All the pictorial problems resolved. We must explore all the golden sparks of our souls!          Letter to J F Rafols (Montroig, Oct 1923)

But he was an extraordinary man. On the one hand a proud and committed Catalan; on the other a serial abuser of the provincial “handful of imbeciles in Barcelona“. (Letter to J F Rafols 1919).

Almost shockingly clear about the two polarities; 1. The abundance, the dynamism, the cultural sweetness of Paris was essential; 2. His farm (Montroig) was essential, but Barcelona was suffocation and death.

Whilst it makes complete sense that Montroig was not Barcelona, and that Paris was mind-expanding, what continues to fizz – arguably for fifty years – is the HOW/WHY of Miro’s liberation from the shackles of (a prevailing) dogma or form. He was a surrealist who left surrealism emphatically behind. He was time after time a pioneer, somehow kindof quietly; perhaps he played a good game rather than talked it. Miro did, however, choose to involve himself in sometimes unavoidable causes – chiefly to do with his homeland and the civil war – but generally persisted as an outlier. Both Picasso and Breton came to respect his individuality, his importance even.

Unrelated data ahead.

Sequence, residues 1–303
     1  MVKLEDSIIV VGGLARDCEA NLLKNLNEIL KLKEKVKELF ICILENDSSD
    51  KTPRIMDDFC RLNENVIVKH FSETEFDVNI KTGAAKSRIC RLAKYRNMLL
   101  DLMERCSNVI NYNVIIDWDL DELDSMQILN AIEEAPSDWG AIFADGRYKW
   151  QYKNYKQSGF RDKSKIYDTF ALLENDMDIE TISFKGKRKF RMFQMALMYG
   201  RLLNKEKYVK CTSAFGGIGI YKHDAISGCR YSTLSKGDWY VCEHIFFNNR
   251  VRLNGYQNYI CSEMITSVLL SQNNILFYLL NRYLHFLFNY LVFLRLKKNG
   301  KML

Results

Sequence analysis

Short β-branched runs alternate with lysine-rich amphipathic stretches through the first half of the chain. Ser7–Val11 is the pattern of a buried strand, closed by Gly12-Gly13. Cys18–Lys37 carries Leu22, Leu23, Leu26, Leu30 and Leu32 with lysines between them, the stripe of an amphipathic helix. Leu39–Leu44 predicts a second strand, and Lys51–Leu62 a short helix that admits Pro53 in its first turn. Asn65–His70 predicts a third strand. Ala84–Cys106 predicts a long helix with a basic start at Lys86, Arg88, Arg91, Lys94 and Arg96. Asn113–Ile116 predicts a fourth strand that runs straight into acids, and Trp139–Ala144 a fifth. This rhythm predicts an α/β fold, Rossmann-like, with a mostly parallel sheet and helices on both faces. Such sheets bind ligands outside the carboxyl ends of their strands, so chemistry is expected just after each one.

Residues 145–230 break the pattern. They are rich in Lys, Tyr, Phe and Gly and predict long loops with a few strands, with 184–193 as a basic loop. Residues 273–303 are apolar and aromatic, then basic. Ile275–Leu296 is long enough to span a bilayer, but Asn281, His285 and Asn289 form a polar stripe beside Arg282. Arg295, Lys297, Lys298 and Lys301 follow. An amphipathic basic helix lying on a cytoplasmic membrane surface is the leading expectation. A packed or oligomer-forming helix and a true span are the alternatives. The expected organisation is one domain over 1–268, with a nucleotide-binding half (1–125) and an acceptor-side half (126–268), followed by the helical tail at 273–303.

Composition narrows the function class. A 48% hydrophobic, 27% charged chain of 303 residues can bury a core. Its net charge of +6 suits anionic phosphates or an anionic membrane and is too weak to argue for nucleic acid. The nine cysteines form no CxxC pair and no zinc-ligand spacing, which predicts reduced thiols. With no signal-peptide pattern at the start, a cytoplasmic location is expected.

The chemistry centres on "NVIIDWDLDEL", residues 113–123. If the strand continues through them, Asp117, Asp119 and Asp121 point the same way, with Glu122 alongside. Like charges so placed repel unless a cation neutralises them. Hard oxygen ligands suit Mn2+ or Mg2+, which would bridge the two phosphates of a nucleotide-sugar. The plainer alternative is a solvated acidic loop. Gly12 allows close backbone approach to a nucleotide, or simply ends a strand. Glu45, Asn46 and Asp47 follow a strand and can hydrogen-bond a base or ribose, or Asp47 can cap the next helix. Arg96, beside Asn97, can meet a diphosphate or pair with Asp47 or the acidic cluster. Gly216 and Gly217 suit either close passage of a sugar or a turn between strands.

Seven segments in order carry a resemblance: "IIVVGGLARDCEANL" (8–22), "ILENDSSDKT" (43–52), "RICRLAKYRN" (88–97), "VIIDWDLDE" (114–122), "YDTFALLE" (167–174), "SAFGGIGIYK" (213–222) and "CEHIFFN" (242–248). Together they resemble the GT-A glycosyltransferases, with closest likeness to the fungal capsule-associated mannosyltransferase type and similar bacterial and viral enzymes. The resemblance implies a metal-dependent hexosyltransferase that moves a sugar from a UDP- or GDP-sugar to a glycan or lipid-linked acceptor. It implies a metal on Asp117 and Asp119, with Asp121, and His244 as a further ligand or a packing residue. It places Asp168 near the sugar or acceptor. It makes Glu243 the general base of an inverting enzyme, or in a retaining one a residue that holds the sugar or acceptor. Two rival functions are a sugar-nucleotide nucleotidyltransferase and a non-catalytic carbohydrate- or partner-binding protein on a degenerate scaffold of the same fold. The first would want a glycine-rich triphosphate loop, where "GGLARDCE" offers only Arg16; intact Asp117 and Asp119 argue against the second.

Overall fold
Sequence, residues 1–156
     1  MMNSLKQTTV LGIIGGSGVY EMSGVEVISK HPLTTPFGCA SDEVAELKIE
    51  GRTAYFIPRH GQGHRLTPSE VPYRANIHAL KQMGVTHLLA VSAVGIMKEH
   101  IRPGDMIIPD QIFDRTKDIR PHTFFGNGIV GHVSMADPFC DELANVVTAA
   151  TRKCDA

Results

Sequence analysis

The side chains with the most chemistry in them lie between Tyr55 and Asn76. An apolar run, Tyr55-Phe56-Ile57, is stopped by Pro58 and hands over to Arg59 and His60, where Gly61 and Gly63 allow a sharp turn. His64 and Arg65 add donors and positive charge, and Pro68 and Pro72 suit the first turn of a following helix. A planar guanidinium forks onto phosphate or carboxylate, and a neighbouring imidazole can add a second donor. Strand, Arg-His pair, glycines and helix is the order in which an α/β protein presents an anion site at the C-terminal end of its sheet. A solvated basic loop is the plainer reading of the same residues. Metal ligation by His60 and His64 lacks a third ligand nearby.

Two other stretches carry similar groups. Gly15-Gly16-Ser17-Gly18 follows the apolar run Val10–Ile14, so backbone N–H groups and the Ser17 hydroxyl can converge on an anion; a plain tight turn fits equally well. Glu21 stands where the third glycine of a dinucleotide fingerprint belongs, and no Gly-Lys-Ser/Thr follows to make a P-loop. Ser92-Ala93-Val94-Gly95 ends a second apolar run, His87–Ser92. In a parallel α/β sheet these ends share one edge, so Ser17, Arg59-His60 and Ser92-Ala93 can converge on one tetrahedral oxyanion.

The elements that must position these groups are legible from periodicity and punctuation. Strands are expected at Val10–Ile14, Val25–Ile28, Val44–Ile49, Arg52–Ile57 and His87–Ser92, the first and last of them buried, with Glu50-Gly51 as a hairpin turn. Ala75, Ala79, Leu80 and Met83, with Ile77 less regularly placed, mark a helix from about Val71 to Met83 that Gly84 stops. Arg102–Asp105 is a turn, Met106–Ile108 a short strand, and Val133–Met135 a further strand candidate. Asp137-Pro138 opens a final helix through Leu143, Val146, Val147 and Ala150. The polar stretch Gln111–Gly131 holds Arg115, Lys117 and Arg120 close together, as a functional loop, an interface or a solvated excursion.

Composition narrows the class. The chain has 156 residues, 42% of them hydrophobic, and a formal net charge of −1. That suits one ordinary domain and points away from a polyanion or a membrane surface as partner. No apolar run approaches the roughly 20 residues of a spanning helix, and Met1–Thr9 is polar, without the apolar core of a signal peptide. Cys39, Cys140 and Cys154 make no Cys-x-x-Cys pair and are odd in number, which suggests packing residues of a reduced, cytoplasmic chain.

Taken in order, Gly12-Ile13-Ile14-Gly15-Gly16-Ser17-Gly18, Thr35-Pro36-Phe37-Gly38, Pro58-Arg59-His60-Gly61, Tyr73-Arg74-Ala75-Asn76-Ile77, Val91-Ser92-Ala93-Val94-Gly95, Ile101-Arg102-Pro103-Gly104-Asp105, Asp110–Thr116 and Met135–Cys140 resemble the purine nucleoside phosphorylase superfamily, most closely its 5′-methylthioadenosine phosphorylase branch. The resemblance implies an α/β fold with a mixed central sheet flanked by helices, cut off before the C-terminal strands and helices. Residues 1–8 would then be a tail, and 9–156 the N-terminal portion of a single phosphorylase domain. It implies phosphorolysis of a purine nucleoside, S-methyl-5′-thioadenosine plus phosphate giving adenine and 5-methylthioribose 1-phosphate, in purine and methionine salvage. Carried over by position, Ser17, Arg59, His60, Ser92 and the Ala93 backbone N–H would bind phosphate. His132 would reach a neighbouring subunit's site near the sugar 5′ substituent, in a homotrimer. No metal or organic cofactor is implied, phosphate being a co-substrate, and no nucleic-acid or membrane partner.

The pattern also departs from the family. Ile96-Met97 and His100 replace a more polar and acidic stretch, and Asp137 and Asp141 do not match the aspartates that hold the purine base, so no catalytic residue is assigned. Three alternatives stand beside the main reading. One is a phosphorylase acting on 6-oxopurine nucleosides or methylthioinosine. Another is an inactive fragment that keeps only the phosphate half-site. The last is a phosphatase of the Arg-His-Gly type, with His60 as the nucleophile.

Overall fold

Often he would let nobody see work in progress; his studio was typically immaculate and private in comparison to many of his contemporaries. There is this real sense – reinforced by reading Selected Writings and Interviews/ Da Capo and Joan Miro/Tate – that he was conditioning himself throughout his extraordinary career, readying himself for the next ‘jolt’ which would imbue both spiritual force and method. And yet this itself was an organic if revelatory process; one which he had to let happen and believe in.